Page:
The island of Rurutu is in the heart of the Austral Islands, more than 370 miles from Tahiti. This small island paradise is known for its unique, authentic traditions, such as the annual Tere A’ati festival held every January. The entire population, old and young, gathers together for a grand procession around the island. A festive occasion and a special moment of sharing.

There are three villages on the island, Moerai, Avera and Hauti. Each one takes it in turn to organize the Tere A’ati. If you’re in Rurutu at the beginning of the year, you’ll be more than welcome to participate in this festive round-island tour. Rurutu is an authentic haven of peace, far from the busier tourist destinations in The Islands of Tahiti, such as Bora Bora and Moorea. With a beautiful lagoon, stunning beaches, hauntingly strange caves, impressive cliffs, magnificent countryside and some superb hiking trails that you can follow on foot or on horseback, Rurutu has a lot to offer the visitor. From June to November, some very special visitors come to the island – schools of humpback whales. They visit the warm waters of French Polynesia to reproduce and nurture their young, and Rurutu is an excellent place for observing them. You can even see them from up on the cliffs! There are no hotels on the island, but there is a good choice of accommodation in family run, Tahitian Guesthouses. The owners will be able to tell you more about the island’s unique traditions, such as the Tere A’ati.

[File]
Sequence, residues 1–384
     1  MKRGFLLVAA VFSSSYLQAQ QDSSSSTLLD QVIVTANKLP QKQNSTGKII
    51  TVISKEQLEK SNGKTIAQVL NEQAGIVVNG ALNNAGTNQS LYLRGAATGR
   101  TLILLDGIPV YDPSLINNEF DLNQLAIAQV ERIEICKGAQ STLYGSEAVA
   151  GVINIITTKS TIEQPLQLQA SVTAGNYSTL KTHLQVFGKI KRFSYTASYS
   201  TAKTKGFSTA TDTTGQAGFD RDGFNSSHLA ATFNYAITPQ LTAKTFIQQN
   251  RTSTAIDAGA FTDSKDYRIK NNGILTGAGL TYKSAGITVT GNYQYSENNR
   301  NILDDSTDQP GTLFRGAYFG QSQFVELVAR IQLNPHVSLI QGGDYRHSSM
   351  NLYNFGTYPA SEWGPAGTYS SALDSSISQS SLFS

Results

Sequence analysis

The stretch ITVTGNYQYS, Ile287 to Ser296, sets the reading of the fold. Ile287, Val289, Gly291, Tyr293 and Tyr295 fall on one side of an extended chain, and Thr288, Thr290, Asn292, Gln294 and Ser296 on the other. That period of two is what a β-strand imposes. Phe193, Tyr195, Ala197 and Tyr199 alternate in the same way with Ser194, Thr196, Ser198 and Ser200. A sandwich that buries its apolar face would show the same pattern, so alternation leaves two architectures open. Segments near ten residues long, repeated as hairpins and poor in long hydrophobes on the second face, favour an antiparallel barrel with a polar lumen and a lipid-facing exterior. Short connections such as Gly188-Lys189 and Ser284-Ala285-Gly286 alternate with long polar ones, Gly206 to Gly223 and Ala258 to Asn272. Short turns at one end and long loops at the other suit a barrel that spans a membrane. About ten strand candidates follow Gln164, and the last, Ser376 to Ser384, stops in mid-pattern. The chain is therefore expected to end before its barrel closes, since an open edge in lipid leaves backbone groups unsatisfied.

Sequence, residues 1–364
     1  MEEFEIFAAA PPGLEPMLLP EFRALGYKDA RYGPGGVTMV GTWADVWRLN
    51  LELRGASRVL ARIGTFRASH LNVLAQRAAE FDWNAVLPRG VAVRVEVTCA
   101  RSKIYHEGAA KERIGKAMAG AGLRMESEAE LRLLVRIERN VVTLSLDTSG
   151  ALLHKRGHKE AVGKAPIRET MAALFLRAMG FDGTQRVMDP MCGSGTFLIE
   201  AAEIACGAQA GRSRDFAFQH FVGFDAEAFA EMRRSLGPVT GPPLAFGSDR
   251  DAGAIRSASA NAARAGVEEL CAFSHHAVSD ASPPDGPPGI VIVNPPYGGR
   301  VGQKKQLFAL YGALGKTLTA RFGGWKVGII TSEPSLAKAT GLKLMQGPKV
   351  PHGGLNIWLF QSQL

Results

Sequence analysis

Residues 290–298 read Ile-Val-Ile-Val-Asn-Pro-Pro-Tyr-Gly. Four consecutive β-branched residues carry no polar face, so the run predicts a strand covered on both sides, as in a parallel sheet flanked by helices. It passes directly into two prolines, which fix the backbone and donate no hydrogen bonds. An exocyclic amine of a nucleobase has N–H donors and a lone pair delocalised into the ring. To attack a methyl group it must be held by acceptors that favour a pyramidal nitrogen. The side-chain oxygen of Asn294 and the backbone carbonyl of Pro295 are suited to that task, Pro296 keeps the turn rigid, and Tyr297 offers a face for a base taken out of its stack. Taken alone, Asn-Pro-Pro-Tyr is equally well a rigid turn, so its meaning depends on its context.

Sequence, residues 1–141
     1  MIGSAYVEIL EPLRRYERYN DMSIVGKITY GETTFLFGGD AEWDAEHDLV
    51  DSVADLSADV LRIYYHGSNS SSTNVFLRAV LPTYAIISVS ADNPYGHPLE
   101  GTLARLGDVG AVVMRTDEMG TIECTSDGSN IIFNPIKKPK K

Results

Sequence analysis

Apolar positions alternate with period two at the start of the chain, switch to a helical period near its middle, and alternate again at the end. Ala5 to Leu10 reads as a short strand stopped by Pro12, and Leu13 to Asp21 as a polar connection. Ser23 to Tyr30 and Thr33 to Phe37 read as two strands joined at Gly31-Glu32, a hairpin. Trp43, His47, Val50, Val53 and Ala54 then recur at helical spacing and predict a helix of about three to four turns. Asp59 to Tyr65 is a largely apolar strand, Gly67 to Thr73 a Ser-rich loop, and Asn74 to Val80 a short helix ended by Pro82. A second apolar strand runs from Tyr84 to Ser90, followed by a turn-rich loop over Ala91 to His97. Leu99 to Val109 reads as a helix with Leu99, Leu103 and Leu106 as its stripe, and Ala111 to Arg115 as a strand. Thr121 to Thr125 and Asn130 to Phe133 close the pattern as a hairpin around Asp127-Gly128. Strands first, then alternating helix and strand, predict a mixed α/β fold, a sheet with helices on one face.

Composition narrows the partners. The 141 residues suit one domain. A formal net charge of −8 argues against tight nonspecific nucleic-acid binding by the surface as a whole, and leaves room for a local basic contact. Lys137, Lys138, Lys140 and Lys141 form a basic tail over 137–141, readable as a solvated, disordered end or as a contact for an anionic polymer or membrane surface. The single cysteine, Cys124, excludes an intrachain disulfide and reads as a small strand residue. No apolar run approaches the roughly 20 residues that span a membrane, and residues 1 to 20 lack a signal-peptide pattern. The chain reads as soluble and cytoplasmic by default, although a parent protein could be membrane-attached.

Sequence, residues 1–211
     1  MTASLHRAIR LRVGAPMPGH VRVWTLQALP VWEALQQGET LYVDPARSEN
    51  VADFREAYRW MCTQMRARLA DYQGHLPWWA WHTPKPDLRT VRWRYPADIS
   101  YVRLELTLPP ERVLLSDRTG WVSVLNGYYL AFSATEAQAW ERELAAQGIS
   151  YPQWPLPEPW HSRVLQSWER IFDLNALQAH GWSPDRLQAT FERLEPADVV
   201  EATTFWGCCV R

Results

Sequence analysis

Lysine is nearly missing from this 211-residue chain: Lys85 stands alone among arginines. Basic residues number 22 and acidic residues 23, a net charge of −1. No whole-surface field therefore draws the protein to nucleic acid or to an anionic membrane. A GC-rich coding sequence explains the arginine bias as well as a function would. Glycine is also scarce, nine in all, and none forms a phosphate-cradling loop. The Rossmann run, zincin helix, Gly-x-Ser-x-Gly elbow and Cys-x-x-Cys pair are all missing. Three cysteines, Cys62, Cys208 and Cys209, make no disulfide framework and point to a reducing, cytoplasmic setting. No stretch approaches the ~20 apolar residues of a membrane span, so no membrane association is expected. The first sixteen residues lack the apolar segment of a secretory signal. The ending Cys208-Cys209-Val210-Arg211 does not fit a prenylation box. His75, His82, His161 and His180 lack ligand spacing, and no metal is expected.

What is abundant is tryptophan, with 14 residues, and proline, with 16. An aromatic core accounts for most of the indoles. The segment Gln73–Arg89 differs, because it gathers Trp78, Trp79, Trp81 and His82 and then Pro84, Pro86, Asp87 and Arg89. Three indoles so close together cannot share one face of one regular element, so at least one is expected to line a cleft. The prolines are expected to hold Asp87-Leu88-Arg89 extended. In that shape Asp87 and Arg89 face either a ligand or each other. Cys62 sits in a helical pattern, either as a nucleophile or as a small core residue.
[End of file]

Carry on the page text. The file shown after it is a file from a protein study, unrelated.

The Tere A’ati, a Polynesian tradition

Rurutu is a festive island that likes to celebrate. Traditional ceremonies such as the fête du Me, the Tiurai, the Tere Matahiti and the Tere A’ati, bring the people together and reinforce their spiritual bonds and sense of sharing. The Tere Matahiti is the occasion for the islanders to visit each other’s houses to ring in the new year. The Tere A’ati is a wonderfully festive procession round the island. All of the inhabitants participate, by car, bike, or on horseback. The procession makes a halt at certain important sites, for the telling of traditional legends and stories. Then the singing starts up again, the ukuleles join in, and the prcession goes off on its merry way once again.

The procession is also the occasion for the elders to transmit the history and legends of the island to the younger generation. But above all, the Tere A’ati is one big party! Cars are cleaned and decorated, everybody dresses in their finest clothes, with crowns of flowers, and the entire population comes together to celebrate the beauty of their island. At the end of the day, the procession comes to an end in the main square of the organizing village, where there is a big feast and a traditional music and dance spectacle. If you’re lucky enough to be on the island in January, you’re sure to be invited to join in the fun!

Culture and tourist activities in Rurutu

Stone lifting competitions, dance and music spectacles, traditional handicraft… these are just a small part of the extremely rich cultural heritage of Rurutu. Take the time to explore all the different aspects of this truly authentic and unique island paradise.

The people of Rurutu are famously warm and welcoming, so don’t be afraid to seek their help or advice. During your stay, make sure you visit the Ta’aroa marae, an ancient ma’ohi cultural site at Vitaria. There are also many impressive caves for you to explore. As you tour round the island, you’ll be captivated by the beauty of the lush green countryside as well as the picture postcard perfection of its white sandy beaches.

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